How an exoskeleton is helping people walk again
Strokes are a leading cause of disability and the fifth leading cause of death in the United States, according to the American Stroke Association. The impact a stroke can have on the body varies and each person’s stroke recovery is different.
An exoskeleton machine is a piece of equipment that has become an important advancement in stroke recovery.
“An exoskeleton is a great tool we can use to help a variety of patients,” says Kayla Movrich, physical therapist at Aurora Medical Center – Summit. “For patients who are recovering from a stroke, it can help with improving their walking and gait.”
The wearable suit gives stroke survivors strength and support — helping them bear their own weight and re-teaching the body how to walk again. The exoskeleton uses connected motors and joints that run on a power source. It constantly is monitoring the stroke survivor’s movement. A physical therapist or someone from the survivor’s care team walks with them and provides the level of assistance needed.
Resistance and assistance settings can be customized based on the stroke survivor’s needs. It can also be adjusted to fit their body.
“We can customize the exoskeleton to each patient based on their goals,” explains Movrich. “It’s so rewarding to see the progress a patient makes throughout their journey.”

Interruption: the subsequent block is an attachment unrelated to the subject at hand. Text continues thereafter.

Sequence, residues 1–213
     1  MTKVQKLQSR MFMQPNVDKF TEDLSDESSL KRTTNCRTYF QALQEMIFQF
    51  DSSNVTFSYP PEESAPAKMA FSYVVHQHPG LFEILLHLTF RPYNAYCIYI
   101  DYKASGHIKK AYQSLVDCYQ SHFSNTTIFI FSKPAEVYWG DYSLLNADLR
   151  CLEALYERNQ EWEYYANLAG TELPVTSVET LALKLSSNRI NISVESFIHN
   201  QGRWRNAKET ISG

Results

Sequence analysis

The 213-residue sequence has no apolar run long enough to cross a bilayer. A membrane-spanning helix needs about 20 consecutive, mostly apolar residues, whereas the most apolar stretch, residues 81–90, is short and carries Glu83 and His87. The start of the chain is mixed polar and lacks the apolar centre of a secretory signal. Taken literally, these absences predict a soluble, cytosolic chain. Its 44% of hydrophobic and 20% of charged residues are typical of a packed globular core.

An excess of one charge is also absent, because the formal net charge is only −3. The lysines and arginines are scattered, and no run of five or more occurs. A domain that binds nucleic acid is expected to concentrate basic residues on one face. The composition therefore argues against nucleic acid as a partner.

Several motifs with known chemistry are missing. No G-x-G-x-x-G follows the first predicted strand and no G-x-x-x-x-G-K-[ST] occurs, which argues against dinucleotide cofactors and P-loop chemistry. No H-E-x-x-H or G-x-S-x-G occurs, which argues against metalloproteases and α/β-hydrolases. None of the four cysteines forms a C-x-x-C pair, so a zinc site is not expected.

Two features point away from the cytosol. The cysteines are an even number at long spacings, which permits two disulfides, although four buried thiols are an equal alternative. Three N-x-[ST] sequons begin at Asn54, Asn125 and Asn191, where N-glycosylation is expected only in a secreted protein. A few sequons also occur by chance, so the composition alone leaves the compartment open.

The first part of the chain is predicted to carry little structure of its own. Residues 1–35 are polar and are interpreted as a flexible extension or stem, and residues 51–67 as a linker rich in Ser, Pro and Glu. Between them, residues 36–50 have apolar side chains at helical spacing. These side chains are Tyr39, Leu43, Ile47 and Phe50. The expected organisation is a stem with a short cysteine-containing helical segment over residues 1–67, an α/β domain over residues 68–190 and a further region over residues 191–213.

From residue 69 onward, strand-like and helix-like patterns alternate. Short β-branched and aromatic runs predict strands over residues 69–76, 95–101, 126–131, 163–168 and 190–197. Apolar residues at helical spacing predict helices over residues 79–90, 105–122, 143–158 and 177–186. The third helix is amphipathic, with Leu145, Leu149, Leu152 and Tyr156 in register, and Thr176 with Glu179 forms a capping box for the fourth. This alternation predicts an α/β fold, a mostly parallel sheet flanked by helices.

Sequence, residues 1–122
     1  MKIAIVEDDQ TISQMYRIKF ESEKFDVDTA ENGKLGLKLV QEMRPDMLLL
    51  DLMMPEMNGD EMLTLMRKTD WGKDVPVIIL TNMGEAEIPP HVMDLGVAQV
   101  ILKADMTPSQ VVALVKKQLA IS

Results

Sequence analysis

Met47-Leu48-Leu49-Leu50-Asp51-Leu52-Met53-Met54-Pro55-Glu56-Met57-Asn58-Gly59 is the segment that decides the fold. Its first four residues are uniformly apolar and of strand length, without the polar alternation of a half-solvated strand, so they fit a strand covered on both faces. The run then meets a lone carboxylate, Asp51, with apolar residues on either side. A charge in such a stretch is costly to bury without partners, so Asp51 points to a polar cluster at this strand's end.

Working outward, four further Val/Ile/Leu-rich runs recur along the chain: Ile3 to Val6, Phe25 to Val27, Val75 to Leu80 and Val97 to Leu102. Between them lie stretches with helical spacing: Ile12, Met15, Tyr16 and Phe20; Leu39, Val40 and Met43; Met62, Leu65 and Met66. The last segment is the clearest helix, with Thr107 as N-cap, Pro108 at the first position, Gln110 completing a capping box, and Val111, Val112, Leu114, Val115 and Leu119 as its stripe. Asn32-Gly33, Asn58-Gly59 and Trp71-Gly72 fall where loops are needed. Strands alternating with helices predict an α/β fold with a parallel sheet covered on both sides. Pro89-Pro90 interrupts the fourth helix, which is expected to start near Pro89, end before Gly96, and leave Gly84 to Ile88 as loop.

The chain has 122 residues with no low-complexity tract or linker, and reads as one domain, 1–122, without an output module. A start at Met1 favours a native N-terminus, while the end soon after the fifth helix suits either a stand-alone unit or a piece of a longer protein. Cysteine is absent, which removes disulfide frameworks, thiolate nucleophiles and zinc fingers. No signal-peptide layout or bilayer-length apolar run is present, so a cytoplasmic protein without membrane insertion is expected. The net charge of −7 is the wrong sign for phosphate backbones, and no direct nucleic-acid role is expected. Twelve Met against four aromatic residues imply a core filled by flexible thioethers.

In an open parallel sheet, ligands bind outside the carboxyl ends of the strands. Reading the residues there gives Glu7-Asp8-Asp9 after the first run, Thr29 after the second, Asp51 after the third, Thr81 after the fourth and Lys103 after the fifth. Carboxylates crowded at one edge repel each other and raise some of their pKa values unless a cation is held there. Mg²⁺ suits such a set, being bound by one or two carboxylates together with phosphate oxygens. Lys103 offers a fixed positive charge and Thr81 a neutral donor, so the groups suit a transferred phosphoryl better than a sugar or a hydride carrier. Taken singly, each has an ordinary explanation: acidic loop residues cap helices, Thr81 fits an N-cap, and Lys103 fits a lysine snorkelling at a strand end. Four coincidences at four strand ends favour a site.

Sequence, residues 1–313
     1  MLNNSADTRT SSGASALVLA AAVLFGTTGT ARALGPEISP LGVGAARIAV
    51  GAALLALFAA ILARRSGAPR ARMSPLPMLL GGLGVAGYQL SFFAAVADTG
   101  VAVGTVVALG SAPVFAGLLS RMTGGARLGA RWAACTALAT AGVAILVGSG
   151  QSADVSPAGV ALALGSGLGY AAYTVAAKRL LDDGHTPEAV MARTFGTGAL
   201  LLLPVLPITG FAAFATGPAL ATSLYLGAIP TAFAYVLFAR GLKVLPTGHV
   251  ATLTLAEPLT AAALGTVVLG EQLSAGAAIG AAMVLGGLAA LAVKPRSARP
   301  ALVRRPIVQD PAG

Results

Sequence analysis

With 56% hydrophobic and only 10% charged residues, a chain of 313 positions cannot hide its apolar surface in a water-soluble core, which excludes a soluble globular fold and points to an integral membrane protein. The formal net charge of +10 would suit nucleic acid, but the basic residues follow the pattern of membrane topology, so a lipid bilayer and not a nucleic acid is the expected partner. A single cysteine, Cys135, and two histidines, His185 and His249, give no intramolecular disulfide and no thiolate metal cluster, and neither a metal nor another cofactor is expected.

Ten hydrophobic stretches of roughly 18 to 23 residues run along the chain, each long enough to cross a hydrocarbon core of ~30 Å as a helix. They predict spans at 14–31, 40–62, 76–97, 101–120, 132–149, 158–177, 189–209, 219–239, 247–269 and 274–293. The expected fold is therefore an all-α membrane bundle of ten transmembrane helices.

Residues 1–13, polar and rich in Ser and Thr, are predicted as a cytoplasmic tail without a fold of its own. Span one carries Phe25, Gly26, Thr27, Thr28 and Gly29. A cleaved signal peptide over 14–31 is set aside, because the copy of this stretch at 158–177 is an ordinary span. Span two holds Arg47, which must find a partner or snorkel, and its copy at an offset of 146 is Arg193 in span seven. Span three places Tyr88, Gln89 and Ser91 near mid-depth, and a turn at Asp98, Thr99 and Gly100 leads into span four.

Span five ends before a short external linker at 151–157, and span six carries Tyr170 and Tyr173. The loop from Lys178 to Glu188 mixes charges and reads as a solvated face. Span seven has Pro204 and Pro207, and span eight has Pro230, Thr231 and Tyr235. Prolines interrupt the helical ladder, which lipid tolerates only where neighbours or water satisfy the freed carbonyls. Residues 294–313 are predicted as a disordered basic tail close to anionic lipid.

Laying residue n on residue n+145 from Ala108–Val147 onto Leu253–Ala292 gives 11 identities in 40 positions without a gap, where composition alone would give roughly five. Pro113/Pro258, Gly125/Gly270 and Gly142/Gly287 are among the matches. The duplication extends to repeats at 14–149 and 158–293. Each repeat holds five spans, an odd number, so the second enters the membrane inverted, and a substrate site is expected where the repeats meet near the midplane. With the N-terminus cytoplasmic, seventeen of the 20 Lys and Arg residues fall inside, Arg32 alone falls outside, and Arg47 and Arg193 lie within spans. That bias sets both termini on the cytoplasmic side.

Whether they need maximal assistance or minimal assistance, she says they can work with a stroke survivor’s individual needs and adjust the exoskeleton to help initiate and facilitate each step.
Movrich shares some additional benefits an exoskeleton can have on stroke recovery:
- Re-teaches brain and muscles how to walk: This suit can be used at any point in stroke recovery.
- Improves gait: For example, if a stroke survivors foot is dragging or their leg is facing inward or outward when they walk, the exoskeleton can help correct these gait impairments.
- Assists with mobility and balance: The exoskeleton can help the stoke survivor bear weight and improve weight shifting that is necessary to progress their walking and balance.
Along with stroke recovery, exoskeletons are commonly used in rehabilitation for spinal cord injuries, brain injuries and multiple sclerosis. Exoskeletons are being used in both inpatient and outpatient settings.
About the Author
Hannah Koerner is a Public Affairs Specialist with Advocate Health Care and Aurora Health Care. She received her Bachelor of Arts in Communication from the University of Wisconsin – Green Bay. In her free time, she enjoys biking, snowshoeing, and cheering on Wisconsin sports teams.